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Scarborough Beach, Scarborough
Background geology and characteristics
Annual and seasonal beach profile changes
Beach profiles along Scarborough Beach all start behind the frontal dune crest. Data at SC1 were available for 1999-2000, and 2004-2007. It appears that the beach at SC1 generally went through some accretion from 2004-2006, and erosion during 2007 (Figure 21). This is likely due to the fact that the 2007 data include only data from winter months (ending in April 2007 with the Patriots' Day storm). Annualized profiles from 2004-2006 show very little overall variability, with changes on the order of less than 0.2 m. Seasonally, SC1 does not appear to vary much (Figure 22). Both the mean profiles for summer and winter are about the same, and the profile envelopes only vary slightly from each other. They do, however, indicate that profiles during both seasons can have changes on the order of up to about 1 to 2 m in elevation. Standard deviation values indicate that the majority of nearshore vertical changes are less than 40 cm for both summer and winter. In winter, the variations increase markedly offshore, up to about 75 cm (Figure 23a). This is consistent with winter bar formation.
Annualized mean data at SC2 show that sediment was lost from the profile between 1999-2000 and 2005-2006 (approximately 1 m vertically along the profile, Figure 24). It appears that a portion of the dune was lost during this time as well. The annual profile for 2007 shows additional loss of about 1 m between 2006-2007, likely due to influence from the winter data collected in 2007 and the Patriots' Day storm. Profile SC2 shows slightly more of the typically seen seasonal variability - that is, a more developed berm and more sediment on upper portions of the profile in the summer months versus the winter months (Figure 25). The winter seasonal profile shows greater envelope variability, up to about 3 m, while the summer profile appears to not change as much. Both summer and winter profiles have large standard deviations, on the order of 75 cm, which indicates that the profile is highly variable (Figure 23b).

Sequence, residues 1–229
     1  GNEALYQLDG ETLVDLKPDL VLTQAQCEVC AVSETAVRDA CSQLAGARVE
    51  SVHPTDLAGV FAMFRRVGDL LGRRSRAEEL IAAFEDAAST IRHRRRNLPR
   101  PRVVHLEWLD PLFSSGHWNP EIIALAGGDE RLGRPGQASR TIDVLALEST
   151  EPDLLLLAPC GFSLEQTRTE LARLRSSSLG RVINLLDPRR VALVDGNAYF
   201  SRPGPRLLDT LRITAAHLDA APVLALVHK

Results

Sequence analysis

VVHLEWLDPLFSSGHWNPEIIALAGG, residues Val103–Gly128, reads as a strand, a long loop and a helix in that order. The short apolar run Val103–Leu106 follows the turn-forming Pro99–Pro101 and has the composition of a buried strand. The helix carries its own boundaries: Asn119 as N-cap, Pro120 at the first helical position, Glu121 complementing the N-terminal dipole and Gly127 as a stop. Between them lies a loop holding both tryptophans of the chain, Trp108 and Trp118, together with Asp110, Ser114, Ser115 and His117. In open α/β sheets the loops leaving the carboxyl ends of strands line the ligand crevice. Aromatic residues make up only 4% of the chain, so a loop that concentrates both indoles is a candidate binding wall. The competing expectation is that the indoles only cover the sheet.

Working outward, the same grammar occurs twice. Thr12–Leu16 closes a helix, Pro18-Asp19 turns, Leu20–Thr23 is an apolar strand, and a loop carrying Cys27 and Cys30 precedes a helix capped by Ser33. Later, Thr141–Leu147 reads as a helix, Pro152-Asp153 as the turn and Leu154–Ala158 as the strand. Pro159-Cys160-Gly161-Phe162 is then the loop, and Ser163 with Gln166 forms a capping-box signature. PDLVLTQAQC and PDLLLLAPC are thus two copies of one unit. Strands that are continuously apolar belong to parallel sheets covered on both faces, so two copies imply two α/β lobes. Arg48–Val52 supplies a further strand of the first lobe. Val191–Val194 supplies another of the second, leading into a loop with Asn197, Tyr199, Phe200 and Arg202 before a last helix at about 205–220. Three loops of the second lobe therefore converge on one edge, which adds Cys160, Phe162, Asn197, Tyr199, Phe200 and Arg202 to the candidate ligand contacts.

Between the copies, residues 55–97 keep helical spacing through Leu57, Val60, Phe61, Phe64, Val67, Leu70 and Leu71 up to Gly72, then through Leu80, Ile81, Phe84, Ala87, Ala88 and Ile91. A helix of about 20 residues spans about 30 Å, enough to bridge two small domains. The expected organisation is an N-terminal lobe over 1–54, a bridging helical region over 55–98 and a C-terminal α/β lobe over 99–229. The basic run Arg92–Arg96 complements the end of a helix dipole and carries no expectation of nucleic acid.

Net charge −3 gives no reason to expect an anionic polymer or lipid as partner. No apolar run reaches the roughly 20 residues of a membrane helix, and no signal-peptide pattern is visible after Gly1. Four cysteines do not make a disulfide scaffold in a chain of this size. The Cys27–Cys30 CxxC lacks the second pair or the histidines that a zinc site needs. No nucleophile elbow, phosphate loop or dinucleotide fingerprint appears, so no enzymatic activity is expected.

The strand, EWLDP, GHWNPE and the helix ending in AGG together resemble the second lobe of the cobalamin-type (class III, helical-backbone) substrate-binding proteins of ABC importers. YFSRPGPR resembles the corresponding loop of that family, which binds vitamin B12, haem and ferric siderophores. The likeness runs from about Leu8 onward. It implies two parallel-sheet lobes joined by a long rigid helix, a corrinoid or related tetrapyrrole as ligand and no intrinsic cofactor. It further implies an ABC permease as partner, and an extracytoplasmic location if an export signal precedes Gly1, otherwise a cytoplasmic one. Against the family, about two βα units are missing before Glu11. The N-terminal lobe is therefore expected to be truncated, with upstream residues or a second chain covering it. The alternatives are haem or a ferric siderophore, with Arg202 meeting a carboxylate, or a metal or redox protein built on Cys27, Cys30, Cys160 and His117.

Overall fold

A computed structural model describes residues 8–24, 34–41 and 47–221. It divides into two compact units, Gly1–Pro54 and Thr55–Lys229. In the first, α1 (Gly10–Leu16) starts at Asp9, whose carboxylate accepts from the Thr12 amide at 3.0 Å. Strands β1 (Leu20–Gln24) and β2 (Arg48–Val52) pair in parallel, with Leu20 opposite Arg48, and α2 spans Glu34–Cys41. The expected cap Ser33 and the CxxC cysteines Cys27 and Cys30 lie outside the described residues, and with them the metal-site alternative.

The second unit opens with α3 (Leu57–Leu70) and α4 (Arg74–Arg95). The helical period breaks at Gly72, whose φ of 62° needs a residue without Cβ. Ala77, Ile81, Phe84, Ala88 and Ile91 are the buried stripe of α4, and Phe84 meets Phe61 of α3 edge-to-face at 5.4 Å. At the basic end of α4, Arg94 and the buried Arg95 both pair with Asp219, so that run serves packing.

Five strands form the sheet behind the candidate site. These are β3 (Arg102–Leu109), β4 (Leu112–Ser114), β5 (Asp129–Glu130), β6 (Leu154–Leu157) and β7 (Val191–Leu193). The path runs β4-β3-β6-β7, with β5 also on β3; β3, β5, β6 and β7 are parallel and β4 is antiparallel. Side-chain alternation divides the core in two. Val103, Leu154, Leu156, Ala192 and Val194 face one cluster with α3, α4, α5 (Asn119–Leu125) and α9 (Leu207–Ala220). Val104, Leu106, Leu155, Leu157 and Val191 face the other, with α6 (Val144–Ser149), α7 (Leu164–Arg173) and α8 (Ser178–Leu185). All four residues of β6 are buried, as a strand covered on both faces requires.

For SC3, the mean profile from 1999 appears to have started at a different location; therefore it is difficult to compare to the other annualized data from 2000 onwards (Figure 26). In general, there is consistent loss of sediment from the overall profile from 2000-2007, though there appears to be some growth of the sand dune. 2007 again had the least sediment in the profile, likely due to the winter bias of the data. Seasonal data (Figure 27) indicate that the summer profile, as could be expected, contains more sediment out to about 100 m, and that sand is typically lost from this portion of the profile in the winter. The large envelope and standard deviation associated with the summer data may be caused by the inclusion of 1999 data, which was collected during the summer months from a different benchmark. Envelope variability for the winter data is on the order of 1 m, with vertical standard deviation data approaching 50 cm (Figure 23c).
Annualized data for SC4 indicate that the overall profile has lost sediment over time, especially from about 20 m from the pin and seaward (Figure 28). There was stability between 2005-2006 in the upper portion of the profile (to about 35 m offshore), and then sediment gain in the outer portions. From 2006 to 2007 the entire profile underwent erosion. SC4 displays little seasonal variability (Figure 29), in both the mean profile shapes and the profile envelopes. It seems that slightly more extreme maximum and minimum values occur in the winter data (over 1 m), while the summer envelope of values appears to be on the order of 1 m or less. Standard deviation data for both are quite similar along the profile, but highly variable, with the majority of variability on the order of around 50 cm or less (Figure 23d).
Data at Scarborough Beach indicate that the beach undergoes typical seasonal changes and that the beach is generally stable. However, some of the profiles indicate a steady landward transgression of the beach, mostly in response to larger storm events.
Last updated on January 3, 2008
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